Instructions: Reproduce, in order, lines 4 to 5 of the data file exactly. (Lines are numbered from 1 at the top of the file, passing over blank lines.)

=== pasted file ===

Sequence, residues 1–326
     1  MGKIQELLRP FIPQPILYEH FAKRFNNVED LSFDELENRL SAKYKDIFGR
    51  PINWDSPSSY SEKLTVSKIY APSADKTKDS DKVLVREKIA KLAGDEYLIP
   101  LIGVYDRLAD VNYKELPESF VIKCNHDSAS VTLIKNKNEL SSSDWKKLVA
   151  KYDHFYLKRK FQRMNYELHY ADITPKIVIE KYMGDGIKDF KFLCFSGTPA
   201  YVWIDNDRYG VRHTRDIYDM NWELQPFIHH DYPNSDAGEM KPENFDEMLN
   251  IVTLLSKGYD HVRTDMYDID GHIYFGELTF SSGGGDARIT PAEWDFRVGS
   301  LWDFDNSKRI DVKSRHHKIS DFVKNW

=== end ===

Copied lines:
   101  LIGVYDRLAD VNYKELPESF VIKCNHDSAS VTLIKNKNEL SSSDWKKLVA
   151  KYDHFYLKRK FQRMNYELHY ADITPKIVIE KYMGDGIKDF KFLCFSGTPA